The lady of the house opened the white front door to her modest bungalow-style home. On the doorstep stood a middle-aged man in a plain suit. She recognized him from his signs.
“Good afternoon,” he said. “I am Alfred Samiel. I am visiting every home in the district which I hope to serve in the legislature. I would like to take just a few moments to tell you where I stand on the important issues we face.”
She scowled at him.
“I know your stands on the issues. I don’t know how you can say any of that crap. You’re disgusting. You’ll never get my vote. I hope to God you don’t get elected.”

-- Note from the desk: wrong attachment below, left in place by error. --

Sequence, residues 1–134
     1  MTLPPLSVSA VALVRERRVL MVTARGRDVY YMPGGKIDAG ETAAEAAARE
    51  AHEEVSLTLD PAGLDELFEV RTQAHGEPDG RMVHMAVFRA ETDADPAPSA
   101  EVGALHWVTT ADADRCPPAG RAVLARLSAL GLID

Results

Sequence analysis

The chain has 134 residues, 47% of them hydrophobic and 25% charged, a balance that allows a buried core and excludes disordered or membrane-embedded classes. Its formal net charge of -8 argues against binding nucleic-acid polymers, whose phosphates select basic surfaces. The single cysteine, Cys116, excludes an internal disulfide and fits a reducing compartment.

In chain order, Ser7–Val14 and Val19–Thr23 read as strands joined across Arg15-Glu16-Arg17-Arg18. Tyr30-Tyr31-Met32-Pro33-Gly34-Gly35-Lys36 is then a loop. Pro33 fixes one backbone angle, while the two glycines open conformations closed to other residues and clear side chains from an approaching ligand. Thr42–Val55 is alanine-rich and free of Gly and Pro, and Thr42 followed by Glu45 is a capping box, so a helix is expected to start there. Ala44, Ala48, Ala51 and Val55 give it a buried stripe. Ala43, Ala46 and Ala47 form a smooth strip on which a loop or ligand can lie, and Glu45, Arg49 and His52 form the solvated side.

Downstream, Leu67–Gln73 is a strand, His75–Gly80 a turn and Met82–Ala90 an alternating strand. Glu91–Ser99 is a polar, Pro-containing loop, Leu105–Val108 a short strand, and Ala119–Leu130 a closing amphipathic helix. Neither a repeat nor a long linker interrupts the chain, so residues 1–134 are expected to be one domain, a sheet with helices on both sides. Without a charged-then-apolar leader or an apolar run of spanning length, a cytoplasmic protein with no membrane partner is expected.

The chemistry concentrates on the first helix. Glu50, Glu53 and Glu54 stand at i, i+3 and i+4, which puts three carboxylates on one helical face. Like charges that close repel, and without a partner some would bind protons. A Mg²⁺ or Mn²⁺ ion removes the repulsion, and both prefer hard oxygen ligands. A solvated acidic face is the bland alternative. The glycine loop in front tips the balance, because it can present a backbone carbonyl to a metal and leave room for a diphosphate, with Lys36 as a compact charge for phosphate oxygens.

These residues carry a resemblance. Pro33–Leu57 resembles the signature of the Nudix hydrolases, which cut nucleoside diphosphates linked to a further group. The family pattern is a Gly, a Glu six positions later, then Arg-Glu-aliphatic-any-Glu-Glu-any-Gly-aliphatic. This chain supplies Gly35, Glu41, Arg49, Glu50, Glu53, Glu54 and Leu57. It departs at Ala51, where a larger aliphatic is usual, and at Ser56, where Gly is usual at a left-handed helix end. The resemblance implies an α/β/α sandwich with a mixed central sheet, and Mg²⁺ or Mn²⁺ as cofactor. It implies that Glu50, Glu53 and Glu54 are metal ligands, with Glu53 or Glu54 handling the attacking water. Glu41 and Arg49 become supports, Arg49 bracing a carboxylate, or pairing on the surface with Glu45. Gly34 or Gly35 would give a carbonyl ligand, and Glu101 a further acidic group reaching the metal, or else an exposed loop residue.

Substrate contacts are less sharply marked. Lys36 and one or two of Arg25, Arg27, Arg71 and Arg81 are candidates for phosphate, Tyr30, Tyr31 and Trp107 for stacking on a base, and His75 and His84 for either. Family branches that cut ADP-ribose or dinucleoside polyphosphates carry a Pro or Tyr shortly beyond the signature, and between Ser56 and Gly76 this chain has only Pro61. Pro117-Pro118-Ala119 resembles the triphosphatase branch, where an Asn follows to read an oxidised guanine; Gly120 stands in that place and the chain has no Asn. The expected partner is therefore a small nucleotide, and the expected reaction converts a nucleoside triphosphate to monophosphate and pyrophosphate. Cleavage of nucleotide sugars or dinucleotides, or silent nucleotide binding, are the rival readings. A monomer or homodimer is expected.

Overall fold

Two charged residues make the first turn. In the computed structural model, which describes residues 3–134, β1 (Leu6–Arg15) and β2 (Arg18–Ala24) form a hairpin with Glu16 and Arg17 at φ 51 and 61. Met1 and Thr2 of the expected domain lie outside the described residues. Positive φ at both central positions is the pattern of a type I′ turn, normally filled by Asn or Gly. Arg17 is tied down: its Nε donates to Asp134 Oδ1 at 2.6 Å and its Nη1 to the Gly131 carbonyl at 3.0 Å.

She slammed the door on him, and he heard something fall from a shelf inside.
Samiel stared hatefully at the closed door, silently fuming. None of the well-intentioned warnings had prepared him for the fact of rejection. He poured out his anger and stepped down from the porch, moving on to the next house.
He reminded himself that it didn’t matter if he was not loved. All that mattered was making a good effort. When election day came, he was certain he would be elected – despite the woman’s prayer to the contrary: God wasn’t running a candidate for office.
Behind him, the white door now bore Samiel’s silhouette. The homeowner would later discover that paint would not adhere to it.